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I have ~4000 insurance claims for a city. I have made a fishnet and would like to count the number of claims within each polygon. It is easy to count the total number of claims, but I would like to find out how many claims there are within each cell for every claim date.

This is how the data set looks like:

    FID Shape       Name    Date    
83  Point ZM    A2528   20030718
84  Point ZM    A2529   20100814
85  Point ZM    A2530   20140831
86  Point ZM    A2531   20140831
87  Point ZM    A2532   20140831
88  Point ZM    A2533   20110607
89  Point ZM    A2534   20120116
90  Point ZM    A2535   20100915
91  Point ZM    A2536   20100813
92  Point ZM    A2537   20140831

As you can see, the flood claims are from different dates (~50). Does anyone of you have an idea how to solve this problem? I have read some similar Q&A's (Compute total area of several polygons within a polygon; Total of attribute field of point layer per polygon layer; How to write FIDs of points within each polygon to polygon field?), but could not find any answer that works in this case. The resulting table will consist of ~4000 rows (one for each cell) and ~50 columns (one for each claim date). The value in each field will tell how many flood claims there are in each cell for a certain date.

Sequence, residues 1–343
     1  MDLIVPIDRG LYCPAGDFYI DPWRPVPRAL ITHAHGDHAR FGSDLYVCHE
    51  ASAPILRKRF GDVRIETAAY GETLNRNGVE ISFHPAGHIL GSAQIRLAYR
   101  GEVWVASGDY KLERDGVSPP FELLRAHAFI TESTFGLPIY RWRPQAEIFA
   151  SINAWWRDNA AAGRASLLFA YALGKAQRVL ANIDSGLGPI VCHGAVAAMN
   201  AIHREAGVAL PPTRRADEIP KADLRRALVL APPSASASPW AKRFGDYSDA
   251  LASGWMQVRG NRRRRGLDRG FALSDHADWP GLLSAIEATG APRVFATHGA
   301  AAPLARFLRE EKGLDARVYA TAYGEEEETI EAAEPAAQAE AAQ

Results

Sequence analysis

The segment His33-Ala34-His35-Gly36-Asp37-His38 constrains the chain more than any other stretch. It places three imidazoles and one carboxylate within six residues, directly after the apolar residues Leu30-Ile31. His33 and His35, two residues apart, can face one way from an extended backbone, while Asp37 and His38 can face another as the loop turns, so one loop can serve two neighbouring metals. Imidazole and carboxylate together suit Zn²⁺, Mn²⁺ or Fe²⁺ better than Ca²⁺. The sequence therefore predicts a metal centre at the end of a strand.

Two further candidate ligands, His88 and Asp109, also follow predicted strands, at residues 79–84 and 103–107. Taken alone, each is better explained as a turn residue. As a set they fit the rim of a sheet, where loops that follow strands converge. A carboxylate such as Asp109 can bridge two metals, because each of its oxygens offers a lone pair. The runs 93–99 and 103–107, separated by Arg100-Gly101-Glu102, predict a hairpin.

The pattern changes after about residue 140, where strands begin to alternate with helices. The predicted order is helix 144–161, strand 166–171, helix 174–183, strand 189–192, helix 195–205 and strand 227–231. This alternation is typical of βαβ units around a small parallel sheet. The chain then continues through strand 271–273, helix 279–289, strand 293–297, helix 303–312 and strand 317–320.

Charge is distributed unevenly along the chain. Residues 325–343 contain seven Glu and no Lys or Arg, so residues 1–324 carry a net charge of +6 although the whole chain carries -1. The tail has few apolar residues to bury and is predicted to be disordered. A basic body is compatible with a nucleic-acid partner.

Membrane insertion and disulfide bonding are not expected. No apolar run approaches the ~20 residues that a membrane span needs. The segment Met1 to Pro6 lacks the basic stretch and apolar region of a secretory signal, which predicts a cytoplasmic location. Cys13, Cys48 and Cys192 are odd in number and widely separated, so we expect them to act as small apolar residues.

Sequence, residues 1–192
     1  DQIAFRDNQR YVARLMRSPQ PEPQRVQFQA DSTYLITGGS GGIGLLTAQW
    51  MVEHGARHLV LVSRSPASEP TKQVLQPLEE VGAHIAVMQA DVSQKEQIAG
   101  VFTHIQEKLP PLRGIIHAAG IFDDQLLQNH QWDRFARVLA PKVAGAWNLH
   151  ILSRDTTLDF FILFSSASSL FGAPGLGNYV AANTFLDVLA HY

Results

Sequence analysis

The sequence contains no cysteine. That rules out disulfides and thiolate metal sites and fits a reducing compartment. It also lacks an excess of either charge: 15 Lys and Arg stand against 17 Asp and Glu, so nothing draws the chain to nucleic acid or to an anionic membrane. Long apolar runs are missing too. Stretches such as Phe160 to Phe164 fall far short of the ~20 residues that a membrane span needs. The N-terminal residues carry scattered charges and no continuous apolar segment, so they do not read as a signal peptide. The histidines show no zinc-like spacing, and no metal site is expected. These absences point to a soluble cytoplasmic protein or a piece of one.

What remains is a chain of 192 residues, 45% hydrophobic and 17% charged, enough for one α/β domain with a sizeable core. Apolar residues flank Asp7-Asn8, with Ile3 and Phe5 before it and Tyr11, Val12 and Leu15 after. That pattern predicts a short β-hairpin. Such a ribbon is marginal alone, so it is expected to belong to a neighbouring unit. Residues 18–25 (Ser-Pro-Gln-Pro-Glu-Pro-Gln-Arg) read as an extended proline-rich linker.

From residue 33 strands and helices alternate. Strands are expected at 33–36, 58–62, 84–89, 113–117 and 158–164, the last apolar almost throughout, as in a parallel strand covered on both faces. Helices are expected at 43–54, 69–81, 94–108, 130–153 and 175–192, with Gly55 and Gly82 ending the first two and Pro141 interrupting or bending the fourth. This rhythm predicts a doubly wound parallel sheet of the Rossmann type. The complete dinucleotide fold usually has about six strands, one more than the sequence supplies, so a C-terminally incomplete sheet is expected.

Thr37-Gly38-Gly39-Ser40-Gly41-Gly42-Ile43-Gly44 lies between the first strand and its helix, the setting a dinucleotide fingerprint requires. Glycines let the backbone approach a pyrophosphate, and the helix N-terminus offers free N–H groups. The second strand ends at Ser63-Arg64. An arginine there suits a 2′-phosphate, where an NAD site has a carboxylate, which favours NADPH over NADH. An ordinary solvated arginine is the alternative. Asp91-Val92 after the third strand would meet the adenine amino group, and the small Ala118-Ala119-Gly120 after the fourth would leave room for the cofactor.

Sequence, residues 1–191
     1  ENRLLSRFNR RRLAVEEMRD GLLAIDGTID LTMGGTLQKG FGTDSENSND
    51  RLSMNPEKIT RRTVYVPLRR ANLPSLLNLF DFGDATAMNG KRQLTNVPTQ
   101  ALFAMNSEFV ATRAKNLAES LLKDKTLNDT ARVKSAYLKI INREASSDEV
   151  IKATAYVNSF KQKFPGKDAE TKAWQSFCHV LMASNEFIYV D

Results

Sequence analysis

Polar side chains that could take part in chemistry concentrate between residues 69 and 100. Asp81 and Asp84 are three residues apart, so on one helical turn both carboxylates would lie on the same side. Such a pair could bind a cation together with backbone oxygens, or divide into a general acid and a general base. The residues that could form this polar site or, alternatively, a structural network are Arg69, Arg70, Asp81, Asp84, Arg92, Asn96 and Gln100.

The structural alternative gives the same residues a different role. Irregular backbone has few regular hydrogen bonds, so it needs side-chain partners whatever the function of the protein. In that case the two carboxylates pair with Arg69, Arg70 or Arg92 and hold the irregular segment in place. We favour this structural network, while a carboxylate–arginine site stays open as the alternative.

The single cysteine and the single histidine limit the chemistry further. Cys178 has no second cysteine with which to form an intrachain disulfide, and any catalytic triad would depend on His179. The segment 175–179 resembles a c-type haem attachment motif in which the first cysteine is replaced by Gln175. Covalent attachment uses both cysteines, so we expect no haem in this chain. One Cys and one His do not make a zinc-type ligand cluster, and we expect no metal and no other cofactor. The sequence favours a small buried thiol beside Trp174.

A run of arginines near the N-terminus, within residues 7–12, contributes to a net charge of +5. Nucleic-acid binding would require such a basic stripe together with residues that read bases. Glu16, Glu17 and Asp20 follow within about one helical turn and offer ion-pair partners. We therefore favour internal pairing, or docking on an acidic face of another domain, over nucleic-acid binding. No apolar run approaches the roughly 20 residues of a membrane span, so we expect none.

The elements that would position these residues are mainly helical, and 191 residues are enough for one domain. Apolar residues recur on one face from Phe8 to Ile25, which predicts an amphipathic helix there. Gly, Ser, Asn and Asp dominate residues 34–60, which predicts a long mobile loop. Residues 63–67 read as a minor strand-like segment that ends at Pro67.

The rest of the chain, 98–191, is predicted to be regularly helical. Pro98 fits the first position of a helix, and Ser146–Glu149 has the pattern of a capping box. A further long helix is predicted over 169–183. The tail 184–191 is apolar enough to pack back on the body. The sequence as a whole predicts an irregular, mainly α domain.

I work in ArcMap 10.1.

How the data looks like in ArcMap

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Intersect the Points with the Polygons. Each Point will then have the ID of the Polygon. From there, use the Summary Statistics tool, using the Polygon ID and the Date columns in the "Case Fields" parameter. Specify "COUNT" as the statistic desired in your output table.

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  • Thank you for the idea with Intersect! That works fine. But how do you mean with Summary Statistics? I did only manage to get the total number of claims for each Polygon ID (result is a table with 4000x1). I need to know how many there are for each date (4000x50). Anyway, the Intersect function helps me to continue the work with Pivot table in Excel, which gives me the 4000x50 table. I will import the data back into ArcMap after the Pivot analysis. – Johanna Sörensen Feb 25 '16 at 13:24
  • @JSörensen - I revised the answer to include a link to the Summary Statistics tool documentation. Your PivotTable solution works as well; the upside to using the Intersect-then-Statistics method is that you can link the tools in ModelBuilder to perform these tasks on a scheduled basis, as your incident points change over time. – John Reiser Feb 25 '16 at 15:18
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You can manipulate the Field Map of Spatial Join tool to achieve the same.

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  • Can you explain in more detail, and maybe give an example? – csk Feb 11 '19 at 19:50

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